39. VAGINAL DELIVERY Pre-viable gestations Intrauterine fetal demise Double set-up: patients with marginal or partial placenta previa in labor with minimal bleeding and ability to tamponade with fetal head Double set-up exam if you believe that tamponade of the bleeding is possible with the fetal head. Should be performed in the delivery or operating room. Insert finger through the os and palpate the location of the placental edge. Palpate the fetal head. If placenta is covering all or part of the cervix or the head is not engaged secondary to displacement, than c-section.Double set-up exam if you believe that tamponade of the bleeding is possible with the fetal head. Should be performed in the delivery or operating room. Insert finger through the os and palpate the location of the placental edge. Palpate the fetal head. If placenta is covering all or part of the cervix or the head is not engaged secondary to displacement, than c-section.

40. EXPECTANT MANAGEMENT Preterm with resolution of bleeding Bedrest Hospitalization Home care Rh-immune globulin Tocolytics Magnesium sulfate Corticosteroids Expectant management for preterm pregnancies with resolution of bleeding Inpt vs outpt should be individualized according to gest age, number and severity of bleeding episodes, patient reliability and distance from hospital. Any antepartum bleeding should be treated with a full dose of Rh immunoglobulin in Rh negative women. Tocolytic of choice is Mag sulfate: reduced risk of cardiovascular complications Expectant management for preterm pregnancies with resolution of bleeding Inpt vs outpt should be individualized according to gest age, number and severity of bleeding episodes, patient reliability and distance from hospital. Any antepartum bleeding should be treated with a full dose of Rh immunoglobulin in Rh negative women. Tocolytic of choice is Mag sulfate: reduced risk of cardiovascular complications

41. Approximately 25-30% of patients can be expected to complete 36 weeks gestation without labor or recurrence of bleeding

42. CO-EXISTING PLACENTAL CONDITIONS Placenta accreta No prior uterine surgery + previa = 4% Previous c-section + previa = 10-35% Multiple c-sections + previa = 60-65% 2/3 with previa/accreta will require cesarean hysterectomy Placenta increta Placenta percreta

43. UTERINE RUPTURE

44. UTERINE RUPTURE Spontaneous rupture: 0.03 to 0.08% of all delivering women Patients with a history of uterine scar: 0.3-1.7% Uterine incisional dehiscence is commonly used to describe the occult or asymptomatic scar separation or thinning that is occasionally observed at surgery in patients with a prior low transverse incision. A useful operational definition of dehiscence is a uterine scar separation that does not penetrate the uterine serosa, does not produce hemorrhage, and does not cause major clinical problems.[5] Dehiscence is most often detected among women who have experienced a failed TOL. Some patients may develop Uterine incisional dehiscence is commonly used to describe the occult or asymptomatic scar separation or thinning that is occasionally observed at surgery in patients with a prior low transverse incision. A useful operational definition of dehiscence is a uterine scar separation that does not penetrate the uterine serosa, does not produce hemorrhage, and does not cause major clinical problems.[5] Dehiscence is most often detected among women who have experienced a failed TOL. Some patients may develop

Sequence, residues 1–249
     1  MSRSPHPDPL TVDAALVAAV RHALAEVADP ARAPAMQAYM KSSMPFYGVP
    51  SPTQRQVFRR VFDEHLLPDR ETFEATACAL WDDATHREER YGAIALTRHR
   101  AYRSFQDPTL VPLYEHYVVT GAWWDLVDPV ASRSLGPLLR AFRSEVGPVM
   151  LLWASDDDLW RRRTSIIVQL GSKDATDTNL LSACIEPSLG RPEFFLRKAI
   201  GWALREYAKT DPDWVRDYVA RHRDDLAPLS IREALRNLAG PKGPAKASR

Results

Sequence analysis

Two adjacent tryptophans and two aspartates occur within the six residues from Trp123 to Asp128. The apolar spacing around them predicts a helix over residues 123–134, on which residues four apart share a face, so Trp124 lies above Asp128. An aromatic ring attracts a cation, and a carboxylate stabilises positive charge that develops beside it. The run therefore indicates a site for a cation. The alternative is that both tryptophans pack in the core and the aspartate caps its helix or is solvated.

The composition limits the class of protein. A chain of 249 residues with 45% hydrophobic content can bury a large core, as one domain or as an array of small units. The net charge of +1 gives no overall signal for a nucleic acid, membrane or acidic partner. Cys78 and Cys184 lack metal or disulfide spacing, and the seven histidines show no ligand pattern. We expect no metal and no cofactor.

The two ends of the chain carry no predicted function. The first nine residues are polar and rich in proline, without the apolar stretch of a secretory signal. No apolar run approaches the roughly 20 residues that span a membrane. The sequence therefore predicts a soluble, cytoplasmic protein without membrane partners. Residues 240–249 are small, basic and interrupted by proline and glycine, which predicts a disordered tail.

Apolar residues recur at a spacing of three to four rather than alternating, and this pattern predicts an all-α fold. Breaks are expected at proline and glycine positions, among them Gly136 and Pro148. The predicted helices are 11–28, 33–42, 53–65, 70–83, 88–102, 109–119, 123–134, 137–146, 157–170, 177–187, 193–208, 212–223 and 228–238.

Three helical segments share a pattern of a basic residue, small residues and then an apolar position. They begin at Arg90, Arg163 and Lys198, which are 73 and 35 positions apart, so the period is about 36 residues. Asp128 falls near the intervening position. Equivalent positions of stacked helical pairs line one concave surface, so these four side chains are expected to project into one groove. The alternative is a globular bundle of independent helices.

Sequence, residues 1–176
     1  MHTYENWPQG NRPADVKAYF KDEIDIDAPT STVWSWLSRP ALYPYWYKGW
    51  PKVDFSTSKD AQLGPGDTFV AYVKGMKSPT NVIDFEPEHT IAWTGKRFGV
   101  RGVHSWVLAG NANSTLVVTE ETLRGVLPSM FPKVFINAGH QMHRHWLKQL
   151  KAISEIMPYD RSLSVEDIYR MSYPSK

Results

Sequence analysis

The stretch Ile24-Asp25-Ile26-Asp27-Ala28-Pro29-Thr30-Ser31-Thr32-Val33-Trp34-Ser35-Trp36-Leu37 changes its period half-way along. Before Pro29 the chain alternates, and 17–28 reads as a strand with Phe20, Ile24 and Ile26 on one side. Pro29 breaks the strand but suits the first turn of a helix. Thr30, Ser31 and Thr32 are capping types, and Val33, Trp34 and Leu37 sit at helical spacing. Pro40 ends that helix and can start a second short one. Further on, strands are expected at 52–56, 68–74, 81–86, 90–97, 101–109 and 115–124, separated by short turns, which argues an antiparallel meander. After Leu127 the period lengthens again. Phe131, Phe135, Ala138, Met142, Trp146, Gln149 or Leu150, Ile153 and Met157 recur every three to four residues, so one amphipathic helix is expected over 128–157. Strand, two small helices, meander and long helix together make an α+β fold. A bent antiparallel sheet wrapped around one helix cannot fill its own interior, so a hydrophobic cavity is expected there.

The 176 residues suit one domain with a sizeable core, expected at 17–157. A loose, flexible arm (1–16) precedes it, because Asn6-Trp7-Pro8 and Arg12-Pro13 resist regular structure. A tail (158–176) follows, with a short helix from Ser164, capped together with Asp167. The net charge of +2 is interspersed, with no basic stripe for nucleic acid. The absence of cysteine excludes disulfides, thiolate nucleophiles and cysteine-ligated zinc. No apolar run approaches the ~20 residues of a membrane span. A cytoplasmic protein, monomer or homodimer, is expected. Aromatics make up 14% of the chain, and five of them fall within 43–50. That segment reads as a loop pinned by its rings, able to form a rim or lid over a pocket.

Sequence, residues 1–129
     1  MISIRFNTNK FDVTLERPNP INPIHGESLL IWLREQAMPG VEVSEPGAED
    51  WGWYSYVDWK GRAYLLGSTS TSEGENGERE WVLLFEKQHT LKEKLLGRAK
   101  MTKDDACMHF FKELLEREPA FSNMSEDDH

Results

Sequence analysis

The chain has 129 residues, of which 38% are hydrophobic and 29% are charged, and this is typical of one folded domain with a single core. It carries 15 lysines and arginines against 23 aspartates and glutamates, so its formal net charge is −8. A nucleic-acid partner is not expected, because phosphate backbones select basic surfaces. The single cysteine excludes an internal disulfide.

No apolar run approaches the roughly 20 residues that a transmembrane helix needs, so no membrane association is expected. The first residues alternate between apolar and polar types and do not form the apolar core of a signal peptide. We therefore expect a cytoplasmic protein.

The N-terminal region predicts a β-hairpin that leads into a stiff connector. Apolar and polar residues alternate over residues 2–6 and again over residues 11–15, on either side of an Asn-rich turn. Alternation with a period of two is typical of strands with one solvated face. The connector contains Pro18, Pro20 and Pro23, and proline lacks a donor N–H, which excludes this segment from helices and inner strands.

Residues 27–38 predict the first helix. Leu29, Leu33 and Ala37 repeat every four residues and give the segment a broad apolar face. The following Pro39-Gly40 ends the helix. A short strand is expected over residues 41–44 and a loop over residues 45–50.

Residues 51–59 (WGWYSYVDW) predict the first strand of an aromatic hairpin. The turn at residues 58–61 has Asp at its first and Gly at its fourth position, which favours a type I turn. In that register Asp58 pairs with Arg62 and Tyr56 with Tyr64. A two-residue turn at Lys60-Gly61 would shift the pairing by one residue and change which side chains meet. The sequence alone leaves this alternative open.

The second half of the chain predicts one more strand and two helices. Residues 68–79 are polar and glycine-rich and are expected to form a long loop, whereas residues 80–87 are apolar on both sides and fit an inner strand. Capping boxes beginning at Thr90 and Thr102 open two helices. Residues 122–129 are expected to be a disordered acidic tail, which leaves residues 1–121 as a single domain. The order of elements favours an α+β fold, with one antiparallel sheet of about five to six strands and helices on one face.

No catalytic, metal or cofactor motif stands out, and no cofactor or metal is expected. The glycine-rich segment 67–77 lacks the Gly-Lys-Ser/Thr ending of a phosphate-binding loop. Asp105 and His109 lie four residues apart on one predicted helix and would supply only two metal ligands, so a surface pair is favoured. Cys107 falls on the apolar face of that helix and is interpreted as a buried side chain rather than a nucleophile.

45. RISK FACTORS Hx of uterine curettage or perforation Inappropriate (excessive) oxytocin use Trauma Previous uterine surgery Overdistention Intra-amniotic installation Adenomyosis

46. ASSOCIATED MATERNAL MORBIDITY Hemorrhage/Transfusion Bladder rupture Hysterectomy

47. FETAL MORBIDITY Respiratory distress Hypoxia Acidemia Death

48. CLASSIC PRESENTATION Vaginal bleeding Pain Cessation of contractions Absence of fetal heart rate Loss of station Palpable fetal parts through abdomen Maternal shock

49. MANAGEMENT Maternal position change IV fluids Discontinuation of pitocin O2 Terbutaline C-section

50. CANDIDATES FOR VBAC No contraindication to labor Clinically adequate pelvis One prior LTCS Obstetrician immediately available for CD Availability of Anesthesia and nursing personnel for emergency CD

51. CONTRAINDICATIONS TO VBAC Prior classical or T-shaped incision or extensive fundal surgery (myomectomy) Previous uterine rupture Inability to perform emergency CD (nursing or anesthesia personnel) Two prior uterine scars and no vaginal deliveries

52. SUCCESS RATE 60-80% of patients given a trial of labor after CD result in successful vaginal birth Women whose primary CD was for breech presentation had highest success rate (85%) Women with previous dystocia had lowest success rate (60%)

53. DECREASED SUCCESS RATE Need for oxytocin induction or augmentation Gestational age greater than 40 weeks Fetal weight greater than 4000 grams Interdelivery interval less than 19-24 months Maternal obesity (> 300 pounds)

54. VASA PREVIA